Ensemble Type: Soprano Voice/Alto Sax/Piano
Grade Level: Advanced
Three Dawn Songs in Summer is a work that is, essentially, two separate pieces.
The first is a flowing dialogue between saxophone and piano. Gentle and translucent, the dialogue builds to a saxophone cadenza before fading away.
With the entrance of the voice we are brought to the second piece, a more austere landscape. The first impression of this landscape is static, where harmonic movement is subtle and understated.
The two first songs continue this alternation between the voice and saxophone. At the advent of the third song, the alternations become more frequent, and the timbre between the saxophone and voice becomes harder to distinguish. As the parts become more connected, they begin to follow one another through their respective landscapes, finally ending with a complete fusion of the two.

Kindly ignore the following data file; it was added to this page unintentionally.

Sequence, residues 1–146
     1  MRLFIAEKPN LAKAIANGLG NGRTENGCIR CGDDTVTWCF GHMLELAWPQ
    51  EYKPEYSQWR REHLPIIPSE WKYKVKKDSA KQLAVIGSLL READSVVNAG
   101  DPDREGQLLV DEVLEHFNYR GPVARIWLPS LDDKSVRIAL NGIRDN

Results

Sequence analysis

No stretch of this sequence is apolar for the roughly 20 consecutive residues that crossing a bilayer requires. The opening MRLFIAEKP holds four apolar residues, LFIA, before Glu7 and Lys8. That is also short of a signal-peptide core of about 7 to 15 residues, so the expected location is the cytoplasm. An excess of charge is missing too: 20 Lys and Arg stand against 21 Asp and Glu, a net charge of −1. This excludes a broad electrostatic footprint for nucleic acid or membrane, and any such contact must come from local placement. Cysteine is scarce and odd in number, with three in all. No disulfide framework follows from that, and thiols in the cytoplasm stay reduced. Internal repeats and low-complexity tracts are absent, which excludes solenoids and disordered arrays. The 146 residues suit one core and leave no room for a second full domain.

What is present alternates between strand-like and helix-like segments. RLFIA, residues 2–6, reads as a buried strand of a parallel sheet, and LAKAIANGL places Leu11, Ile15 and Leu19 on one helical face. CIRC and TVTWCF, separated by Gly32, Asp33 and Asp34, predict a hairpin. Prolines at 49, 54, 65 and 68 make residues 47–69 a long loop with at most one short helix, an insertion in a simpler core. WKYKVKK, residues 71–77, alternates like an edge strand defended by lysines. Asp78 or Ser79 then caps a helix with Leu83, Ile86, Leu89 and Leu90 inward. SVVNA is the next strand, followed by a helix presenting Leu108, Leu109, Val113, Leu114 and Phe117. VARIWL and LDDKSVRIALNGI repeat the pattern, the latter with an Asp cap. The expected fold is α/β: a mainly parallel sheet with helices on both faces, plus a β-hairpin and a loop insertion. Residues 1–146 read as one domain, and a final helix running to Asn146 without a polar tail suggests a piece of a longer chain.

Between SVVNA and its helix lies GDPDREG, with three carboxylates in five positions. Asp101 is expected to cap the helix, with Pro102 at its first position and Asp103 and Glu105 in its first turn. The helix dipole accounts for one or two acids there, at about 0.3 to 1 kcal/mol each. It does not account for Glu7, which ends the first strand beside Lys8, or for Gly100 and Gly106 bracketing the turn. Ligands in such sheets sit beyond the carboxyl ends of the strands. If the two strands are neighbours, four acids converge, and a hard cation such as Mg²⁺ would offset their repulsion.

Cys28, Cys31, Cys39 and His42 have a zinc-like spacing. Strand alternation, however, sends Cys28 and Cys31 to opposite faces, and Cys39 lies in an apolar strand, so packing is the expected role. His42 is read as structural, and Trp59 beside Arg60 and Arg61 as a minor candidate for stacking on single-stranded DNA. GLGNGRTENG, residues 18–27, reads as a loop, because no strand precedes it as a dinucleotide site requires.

In many ways, the saxophone “interludes” seem to offer us a textless version of the poem; from the way the rhythmic character seems young and carefree, to the way in which the melody unravels, awakening “the visible” with its color and light.
Three Dawn Songs in Summer was written November/December 2012 in Montreal.
Poetry by Robert Hass, from his Pulitzer Prize Winning Collection: Time and Materials Poems 1997 – 2005 (Used with consent of the author)
Three Dawn Songs in Summer
The first long shadows in the fields
Are like mortal difficulty.
The first birdsong is not like that at all.
The light in summer is very young and wholly unsupervised.
No one has made it sit down to breakfast.
It’s the first one up, the first one out.
As he has opened his eyes, he must be light
And she, sleeping beside him, must be the visible,
One ringlet of hair curled about her ear.
Into which he whispers, “Wake up!”